College football’s 2015 season ended in thrilling fashion, as Alabama edged Clemson for the national championship on Jan. 11. Even though the 2015 season just ended, it’s never too early to start thinking about 2016 and examine some of the teams poised to show improvement in the win column. Michigan, Florida State and Tennessee weren’t in the playoff picture last season, but all three could be a factor in 2016. The Wolverines are poised to take another step forward in coach Jim Harbaugh’s second season, the Volunteers are the favorite to win the SEC East, while the gap between Clemson and Florida State in the ACC Atlantic isn’t as wide as some may think.
With a few months to dissect rosters, opinions can change on teams – perhaps a couple of times in the offseason. Additionally, unexpected roster attrition, late coordinator changes or injuries can all change the outlook on how teams are viewed this offseason.
There’s a long ways to go until the 2016 season officially begins, but here are 10 teams we think are on the rise for next season.
College Football’s Top 10 Teams on the Rise for 2016
After a 27-1 mark from 2013-14 and a NFL Draft record with 29 players selected over a three-year span, a small step back in the win column was expected for Florida State in 2015. However, the Seminoles still finished 10-3 – with one of those losses coming on an unlucky blocked field goal return for a touchdown against Georgia Tech – and played in the Chick-fil-A Peach Bowl against Houston. Coach Jimbo Fisher’s team has reloaded and is poised to challenge Clemson for the ACC title and a playoff berth next year. Running back Dalvin Cook leads the way on offense, and the offensive line returns standout left tackle Roderick Johnson. Development at receiver and the quarterback battle are Fisher’s biggest question marks on offense. The defense finished second in the ACC by limiting opponents to 4.68 yards per play in 2015 and returns freshmen standouts Josh Sweat (DE) and Derwin James (safety) and All-America candidate DeMarcus Walker. The schedule also breaks in Florida State’s favor. Clemson, Florida and North Carolina visit Doak Campbell Stadium in 2016.
Tom Herman’s arrival as Houston’s head coach propelled the Cougars to one of the best seasons (13-1) in program history. Herman’s encore could be just as successful, as Houston should be the top team from the Group of 5 conferences and ranked in the 10-15 range in most preseason polls for 2016. Quarterback Greg Ward Jr. leads an explosive offense, but he will have to find a new go-to receiver after Demarcus Ayers left for the NFL, and go-to option at running back after Kenneth Farrow and Ryan Jackson expired their eligibility. The Cougars may ask their offense to shoulder more of the load next season with a defense losing a few key pieces from a unit that limited opponents to 20.7 points per game in 2015. Standout cornerback William Jackson III, linebacker Elandon Roberts and safeties Adrian McDonald and Trevon Stewart are four big losses for coordinator Todd Orlando. After scoring huge wins over Power 5 teams Florida State, Louisville and Vanderbilt last season, the Cougars will have at least two more opportunities next fall with a neutral site matchup against Oklahoma to start the year, followed by a home game against Louisville in late November.
The ACC’s Atlantic Division will be top heavy next year, as Florida State and Clemson should be in contention for a playoff spot, while Louisville is poised to build off an 8-5 record in 2015. The Cardinals won six out of their last seven games last season, including a 27-21 win over Texas A&M in the Music City Bowl and a 38-24 victory over rival Kentucky. Led by dynamic quarterback Lamar Jackson, the offense is poised for a breakout season in 2016. Jackson’s rushing ability is a huge asset for an offense looking for the right pieces up front, and this team returns every major contributor at receiver and running back. Linebacker James Burgess and ends Sheldon Rankins and Pio Vatuvei are big losses, but the defense returns largely intact. Linebackers Keith Kelsey and Devonte Fields will be two of the best in the ACC at their position in 2016, while safety Josh Harvey-Clemons is back after a solid performance in the Music City Bowl. Louisville’s schedule is favorable for a run at 10 wins, including home games against Florida State and Kentucky, along with favorable crossover contests in league play against Duke and Virginia.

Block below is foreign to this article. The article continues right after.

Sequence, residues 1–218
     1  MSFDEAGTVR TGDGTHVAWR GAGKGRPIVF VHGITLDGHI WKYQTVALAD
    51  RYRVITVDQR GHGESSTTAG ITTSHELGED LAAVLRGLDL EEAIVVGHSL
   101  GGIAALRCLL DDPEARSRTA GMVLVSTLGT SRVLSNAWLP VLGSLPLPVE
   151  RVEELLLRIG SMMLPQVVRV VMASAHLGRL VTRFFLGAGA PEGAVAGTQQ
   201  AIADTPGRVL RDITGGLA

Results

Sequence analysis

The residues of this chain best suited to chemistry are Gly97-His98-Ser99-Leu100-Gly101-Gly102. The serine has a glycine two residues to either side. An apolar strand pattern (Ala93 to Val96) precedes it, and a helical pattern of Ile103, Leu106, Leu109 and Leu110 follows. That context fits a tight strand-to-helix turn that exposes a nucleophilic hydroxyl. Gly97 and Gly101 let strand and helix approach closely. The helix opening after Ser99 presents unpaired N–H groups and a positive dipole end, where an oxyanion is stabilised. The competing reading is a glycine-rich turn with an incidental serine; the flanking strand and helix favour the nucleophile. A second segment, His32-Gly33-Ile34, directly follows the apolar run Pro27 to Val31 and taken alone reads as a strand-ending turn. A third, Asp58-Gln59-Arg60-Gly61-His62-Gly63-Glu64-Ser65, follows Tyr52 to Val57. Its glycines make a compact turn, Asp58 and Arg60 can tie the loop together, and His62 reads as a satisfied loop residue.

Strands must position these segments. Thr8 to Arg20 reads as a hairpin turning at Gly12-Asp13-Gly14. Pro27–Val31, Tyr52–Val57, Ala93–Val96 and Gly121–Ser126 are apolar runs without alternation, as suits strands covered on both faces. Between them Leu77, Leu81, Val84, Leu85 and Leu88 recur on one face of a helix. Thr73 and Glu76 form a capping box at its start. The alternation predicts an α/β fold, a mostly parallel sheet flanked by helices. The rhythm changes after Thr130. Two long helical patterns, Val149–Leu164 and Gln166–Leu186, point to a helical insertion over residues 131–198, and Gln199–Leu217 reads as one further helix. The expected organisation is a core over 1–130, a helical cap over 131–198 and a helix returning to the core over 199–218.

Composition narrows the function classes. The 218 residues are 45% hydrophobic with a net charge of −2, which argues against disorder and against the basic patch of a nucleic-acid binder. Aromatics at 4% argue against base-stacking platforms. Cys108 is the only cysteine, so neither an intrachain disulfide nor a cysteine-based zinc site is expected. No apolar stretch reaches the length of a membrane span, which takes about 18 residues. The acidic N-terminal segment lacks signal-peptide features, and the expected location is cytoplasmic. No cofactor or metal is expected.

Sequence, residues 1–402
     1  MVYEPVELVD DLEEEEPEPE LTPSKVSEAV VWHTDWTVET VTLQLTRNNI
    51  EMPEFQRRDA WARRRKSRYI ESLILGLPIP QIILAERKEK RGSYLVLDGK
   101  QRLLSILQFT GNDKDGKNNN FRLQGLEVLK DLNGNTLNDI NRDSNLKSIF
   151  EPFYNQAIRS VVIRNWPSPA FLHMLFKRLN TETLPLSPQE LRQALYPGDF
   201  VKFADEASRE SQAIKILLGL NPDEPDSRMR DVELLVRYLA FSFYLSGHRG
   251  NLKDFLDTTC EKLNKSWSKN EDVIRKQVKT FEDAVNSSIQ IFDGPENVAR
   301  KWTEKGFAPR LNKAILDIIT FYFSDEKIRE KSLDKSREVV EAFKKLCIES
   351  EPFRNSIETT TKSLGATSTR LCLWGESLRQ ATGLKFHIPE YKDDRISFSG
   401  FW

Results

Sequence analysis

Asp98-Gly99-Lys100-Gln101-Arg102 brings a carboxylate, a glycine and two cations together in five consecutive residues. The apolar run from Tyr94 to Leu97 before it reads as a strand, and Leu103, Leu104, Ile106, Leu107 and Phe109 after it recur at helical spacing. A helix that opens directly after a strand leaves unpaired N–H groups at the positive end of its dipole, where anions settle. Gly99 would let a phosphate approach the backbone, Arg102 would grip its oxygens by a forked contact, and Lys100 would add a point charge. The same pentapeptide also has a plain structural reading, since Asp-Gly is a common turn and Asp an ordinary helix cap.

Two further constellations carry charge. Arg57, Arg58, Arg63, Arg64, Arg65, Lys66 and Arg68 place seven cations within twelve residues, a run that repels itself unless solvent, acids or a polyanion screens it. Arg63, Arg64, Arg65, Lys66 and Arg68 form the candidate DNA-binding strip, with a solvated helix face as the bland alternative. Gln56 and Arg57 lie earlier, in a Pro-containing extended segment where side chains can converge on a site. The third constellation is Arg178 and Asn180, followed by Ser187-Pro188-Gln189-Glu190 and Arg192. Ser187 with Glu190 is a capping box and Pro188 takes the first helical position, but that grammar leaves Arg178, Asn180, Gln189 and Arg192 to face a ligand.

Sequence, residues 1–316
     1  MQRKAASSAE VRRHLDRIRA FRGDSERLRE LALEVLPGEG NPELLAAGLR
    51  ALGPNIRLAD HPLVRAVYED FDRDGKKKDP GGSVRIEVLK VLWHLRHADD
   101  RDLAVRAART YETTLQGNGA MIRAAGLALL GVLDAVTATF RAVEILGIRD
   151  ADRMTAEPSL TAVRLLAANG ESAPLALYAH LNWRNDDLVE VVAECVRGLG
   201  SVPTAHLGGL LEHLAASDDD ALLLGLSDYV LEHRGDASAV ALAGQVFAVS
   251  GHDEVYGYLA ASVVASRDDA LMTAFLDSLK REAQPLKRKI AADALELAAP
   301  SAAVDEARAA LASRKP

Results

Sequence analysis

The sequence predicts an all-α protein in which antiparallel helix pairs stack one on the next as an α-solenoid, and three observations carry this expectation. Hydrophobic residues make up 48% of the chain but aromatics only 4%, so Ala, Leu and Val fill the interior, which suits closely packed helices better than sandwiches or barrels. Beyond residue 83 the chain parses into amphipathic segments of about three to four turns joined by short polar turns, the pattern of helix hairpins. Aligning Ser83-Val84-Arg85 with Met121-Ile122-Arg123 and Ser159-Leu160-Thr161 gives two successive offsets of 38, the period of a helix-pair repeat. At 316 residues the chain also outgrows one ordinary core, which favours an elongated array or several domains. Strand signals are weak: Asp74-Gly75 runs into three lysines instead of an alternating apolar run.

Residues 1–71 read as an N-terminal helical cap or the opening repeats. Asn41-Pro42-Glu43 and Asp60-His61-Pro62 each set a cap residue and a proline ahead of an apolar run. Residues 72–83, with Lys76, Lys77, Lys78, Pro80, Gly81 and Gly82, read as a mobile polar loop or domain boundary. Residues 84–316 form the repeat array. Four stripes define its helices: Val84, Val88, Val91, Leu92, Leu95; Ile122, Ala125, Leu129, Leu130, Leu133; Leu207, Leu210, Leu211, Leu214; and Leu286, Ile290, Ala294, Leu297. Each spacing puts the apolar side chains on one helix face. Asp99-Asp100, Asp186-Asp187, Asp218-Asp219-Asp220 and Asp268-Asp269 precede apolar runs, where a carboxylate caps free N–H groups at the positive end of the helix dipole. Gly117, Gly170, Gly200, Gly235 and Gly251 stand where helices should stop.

Are the Hurricanes ready to take a step forward and finally win the ACC’s Coastal Division? It certainly seems that way. Hiring Mark Richt as the program’s new coach to replace Al Golden was a step in the right direction, and Richt has assembled a solid staff for recruiting and player development. New defensive line coach Craig Kuligowski and coordinator Manny Diaz are key pickups for a defense that’s ranked 10th or worse in the ACC in points allowed per game in three out of the last four seasons. Richt plans to have a prominent role in the offense, and junior quarterback Brad Kaaya is poised for his best season in Coral Gables. Kaaya is surrounded by playmakers at receiver and one of the ACC’s top backfields with the return of Joseph Yearby and Mark Walton. Road trips to Virginia Tech and Notre Dame dot the schedule for Richt’s debut, while the Hurricanes have a favorable draw at home with Florida State and North Carolina visiting Sun Life Stadium.
It’s only a matter of time before Jim Harbaugh has Michigan in the mix for a spot in the College Football Playoff. The Wolverines finished 10-3 in Harbaugh’s debut and closed the year on a high note by dominating Florida 41-7 in the Citrus Bowl. Surpassing the 10-win mark in 2016 is realistic, but Harbaugh has to find a new quarterback to replace Jake Rudock and continue to develop a running game that averaged 4.19 yards per carry last season. Regardless of who steps in at quarterback, the Wolverines should have a solid group of targets in the passing game with the return of tight end Jake Butt and receivers Amara Darboh and Jehu Chesson. The offensive line returns four starters, including All-Big Ten selection Erik Magnuson. New defensive coordinator Don Brown was one of the top assistant hires of the offseason, and the Wolverines return one of the Big Ten’s top defensive lines and secondary groups in 2016. There’s a good chance three road dates – at Ohio State, Iowa and Michigan State – decide just how high Michigan can climb in next year’s playoff picture.